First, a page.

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into the valley of fire

Vegas, baby! VEGAS!! The Holy Grail for gamblers and 90’s cult movie fans, and the final destination of our Southwest road trip. En route to Sin City, we stopped by the Valley of Fire, a small Nevada state park that packs a lot of punch. In fact, we had to strike a balance between seeing all of its highlights and reaching Vegas at a reasonable time.

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We stumbled onto the Valley of Fire by accident. After the amazing day we had enjoyed at Antelope Canyon, we were scrolling around the Internet reading up on slot canyons when we happened upon a site mentioning a little-known, but beautiful pastel canyon in Nevada’s Valley of Fire State Park. The park was on our way down from Utah – about an hour outside Vegas – so we decided to incorporate it into our itinerary.

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All of the trails in the Valley of Fire are short – none longer than a mile and a half – but the hiking can be quite tough. For one, we found ourselves tramping through deep sand on many of the trails. Also, even though it was an overcast day at the end of October, the temperature still hovered around 80 degrees Fahrenheit. In the summer, the park surely lives up to its name.

colorful rock vein

We started with the White Domes trailhead, hiking through a small slot canyon, and taking way too many pictures of the multi-hued, pastel-colored rocks that abound there. Next we hiked out to the Fire Wave, which was our consolation for missing out on the actual Wave. The scenery in this part of the park is otherworldly, and the Fire Wave itself is quite beautiful – a large rounded rock formation that is striped red and white like a candy cane.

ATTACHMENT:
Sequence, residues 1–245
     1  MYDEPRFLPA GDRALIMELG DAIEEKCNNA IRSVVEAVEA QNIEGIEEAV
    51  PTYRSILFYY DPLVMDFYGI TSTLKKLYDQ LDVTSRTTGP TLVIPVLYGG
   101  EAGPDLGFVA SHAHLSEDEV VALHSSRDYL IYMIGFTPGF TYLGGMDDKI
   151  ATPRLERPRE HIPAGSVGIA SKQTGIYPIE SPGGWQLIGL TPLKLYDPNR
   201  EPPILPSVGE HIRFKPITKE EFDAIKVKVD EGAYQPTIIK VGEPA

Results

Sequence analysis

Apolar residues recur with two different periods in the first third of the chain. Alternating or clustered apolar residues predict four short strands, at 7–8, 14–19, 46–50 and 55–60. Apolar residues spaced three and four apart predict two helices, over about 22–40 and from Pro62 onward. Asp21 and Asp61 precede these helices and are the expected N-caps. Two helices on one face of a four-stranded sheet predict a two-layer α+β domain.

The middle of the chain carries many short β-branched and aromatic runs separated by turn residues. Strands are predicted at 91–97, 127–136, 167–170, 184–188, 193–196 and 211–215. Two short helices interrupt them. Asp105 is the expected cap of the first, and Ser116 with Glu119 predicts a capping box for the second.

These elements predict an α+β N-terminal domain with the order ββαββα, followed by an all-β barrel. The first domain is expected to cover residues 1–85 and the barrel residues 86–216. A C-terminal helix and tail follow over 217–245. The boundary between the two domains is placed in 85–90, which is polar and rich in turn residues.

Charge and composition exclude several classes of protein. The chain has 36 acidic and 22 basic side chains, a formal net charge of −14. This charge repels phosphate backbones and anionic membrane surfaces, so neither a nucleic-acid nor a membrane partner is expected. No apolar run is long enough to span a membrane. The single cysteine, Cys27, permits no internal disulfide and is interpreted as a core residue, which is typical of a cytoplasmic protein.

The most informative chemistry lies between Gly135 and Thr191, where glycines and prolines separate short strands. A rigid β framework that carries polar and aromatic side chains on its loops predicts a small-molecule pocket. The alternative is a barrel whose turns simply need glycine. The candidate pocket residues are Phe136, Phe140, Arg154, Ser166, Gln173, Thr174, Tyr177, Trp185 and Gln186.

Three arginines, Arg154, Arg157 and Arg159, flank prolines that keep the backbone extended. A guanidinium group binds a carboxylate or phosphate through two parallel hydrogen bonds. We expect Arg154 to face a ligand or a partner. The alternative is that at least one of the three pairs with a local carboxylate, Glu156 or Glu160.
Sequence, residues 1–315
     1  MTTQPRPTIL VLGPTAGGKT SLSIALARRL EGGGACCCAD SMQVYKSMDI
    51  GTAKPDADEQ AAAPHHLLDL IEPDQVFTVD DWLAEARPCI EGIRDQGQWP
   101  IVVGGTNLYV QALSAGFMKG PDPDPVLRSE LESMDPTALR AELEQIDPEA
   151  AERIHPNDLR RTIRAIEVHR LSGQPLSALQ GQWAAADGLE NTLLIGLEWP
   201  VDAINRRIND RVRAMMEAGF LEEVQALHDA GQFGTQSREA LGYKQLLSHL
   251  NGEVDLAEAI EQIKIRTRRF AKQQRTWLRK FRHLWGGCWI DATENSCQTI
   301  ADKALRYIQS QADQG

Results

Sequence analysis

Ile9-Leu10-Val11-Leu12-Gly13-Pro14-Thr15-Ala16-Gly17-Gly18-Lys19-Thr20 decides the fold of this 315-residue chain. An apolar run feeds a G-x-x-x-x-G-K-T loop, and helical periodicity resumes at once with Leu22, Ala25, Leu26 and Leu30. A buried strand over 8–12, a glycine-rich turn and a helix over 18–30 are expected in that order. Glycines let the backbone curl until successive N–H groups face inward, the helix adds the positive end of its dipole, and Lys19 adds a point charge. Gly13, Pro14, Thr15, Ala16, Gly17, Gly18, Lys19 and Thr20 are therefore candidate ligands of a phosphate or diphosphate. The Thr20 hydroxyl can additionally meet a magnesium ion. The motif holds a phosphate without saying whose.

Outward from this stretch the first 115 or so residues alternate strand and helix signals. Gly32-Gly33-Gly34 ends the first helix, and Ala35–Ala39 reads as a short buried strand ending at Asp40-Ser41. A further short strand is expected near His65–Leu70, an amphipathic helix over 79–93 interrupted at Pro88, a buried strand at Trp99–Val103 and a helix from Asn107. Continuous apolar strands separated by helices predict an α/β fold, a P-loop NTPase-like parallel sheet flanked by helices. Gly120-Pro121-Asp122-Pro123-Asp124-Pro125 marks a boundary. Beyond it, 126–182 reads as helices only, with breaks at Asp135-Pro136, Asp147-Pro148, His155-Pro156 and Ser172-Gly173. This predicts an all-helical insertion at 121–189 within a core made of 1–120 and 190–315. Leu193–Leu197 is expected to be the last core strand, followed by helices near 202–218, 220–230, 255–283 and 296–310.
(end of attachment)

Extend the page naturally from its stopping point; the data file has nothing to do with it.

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We ended our visit by walking along the canyon to Mouse’s Tank. We did not go all the way – just far enough to see the petroglyphs that had been etched there centuries ago. The rocks throughout the park are covered with a black substance called desert varnish, creating smooth black canvases for the prehistoric people who populated this region. We backtracked a couple of miles on our way out to snap a picture of the Elephant Rock, and then pointed our car towards Sin City.

petroglyph trail

closeup on Elephant Rock

Even for someone stepping off the plane in Las Vegas for the first time, the city must feel overwhelming. The Vegas Strip is a monumental ode to opulence, luxurious entertainment, and the cynical pursuit of money. After seeking out the solitude afforded by the Southwest’s premiere natural landscapes, arriving in Las Vegas was jarring. On another kind of trip, Vegas might have been fun, but its in-your-face brashness and consumerism did not mesh with the rest of our itinerary.

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Thankfully, we did not stay long – just long enough to go out for dinner and a Cirque du Soleil show. Early the next morning, we drove to the airport for our flight back to the East Coast, closing the book on our Southwest adventure.

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